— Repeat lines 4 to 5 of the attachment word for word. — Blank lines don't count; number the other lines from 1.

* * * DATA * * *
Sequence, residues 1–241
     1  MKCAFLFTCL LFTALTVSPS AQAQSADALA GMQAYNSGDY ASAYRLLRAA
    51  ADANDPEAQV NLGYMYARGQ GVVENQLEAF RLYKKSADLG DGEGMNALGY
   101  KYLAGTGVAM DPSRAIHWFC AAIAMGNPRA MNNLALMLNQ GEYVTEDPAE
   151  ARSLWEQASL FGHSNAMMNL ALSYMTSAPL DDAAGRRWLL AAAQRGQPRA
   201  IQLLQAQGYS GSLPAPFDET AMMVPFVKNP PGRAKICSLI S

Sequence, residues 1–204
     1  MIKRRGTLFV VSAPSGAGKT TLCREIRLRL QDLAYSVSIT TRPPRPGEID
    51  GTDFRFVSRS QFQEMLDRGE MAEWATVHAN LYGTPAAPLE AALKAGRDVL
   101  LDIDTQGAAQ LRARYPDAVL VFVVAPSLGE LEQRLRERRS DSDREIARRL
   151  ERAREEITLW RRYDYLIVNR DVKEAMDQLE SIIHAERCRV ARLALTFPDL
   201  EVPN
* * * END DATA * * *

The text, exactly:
   101  KYLAGTGVAM DPSRAIHWFC AAIAMGNPRA MNNLALMLNQ GEYVTEDPAE
   151  ARSLWEQASL FGHSNAMMNL ALSYMTSAPL DDAAGRRWLL AAAQRGQPRA